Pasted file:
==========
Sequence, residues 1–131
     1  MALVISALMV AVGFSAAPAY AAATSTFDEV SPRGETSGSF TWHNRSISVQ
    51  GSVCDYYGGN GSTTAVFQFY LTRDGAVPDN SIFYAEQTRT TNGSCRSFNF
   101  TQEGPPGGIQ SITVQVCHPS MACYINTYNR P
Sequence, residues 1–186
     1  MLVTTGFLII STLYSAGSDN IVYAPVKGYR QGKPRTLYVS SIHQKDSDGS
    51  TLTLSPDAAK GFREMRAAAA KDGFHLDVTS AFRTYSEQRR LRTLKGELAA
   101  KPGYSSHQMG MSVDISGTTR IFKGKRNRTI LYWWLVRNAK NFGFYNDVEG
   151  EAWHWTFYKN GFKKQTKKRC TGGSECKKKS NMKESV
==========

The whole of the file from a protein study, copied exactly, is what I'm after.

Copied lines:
Sequence, residues 1–131
     1  MALVISALMV AVGFSAAPAY AAATSTFDEV SPRGETSGSF TWHNRSISVQ
    51  GSVCDYYGGN GSTTAVFQFY LTRDGAVPDN SIFYAEQTRT TNGSCRSFNF
   101  TQEGPPGGIQ SITVQVCHPS MACYINTYNR P
Sequence, residues 1–186
     1  MLVTTGFLII STLYSAGSDN IVYAPVKGYR QGKPRTLYVS SIHQKDSDGS
    51  TLTLSPDAAK GFREMRAAAA KDGFHLDVTS AFRTYSEQRR LRTLKGELAA
   101  KPGYSSHQMG MSVDISGTTR IFKGKRNRTI LYWWLVRNAK NFGFYNDVEG
   151  EAWHWTFYKN GFKKQTKKRC TGGSECKKKS NMKESV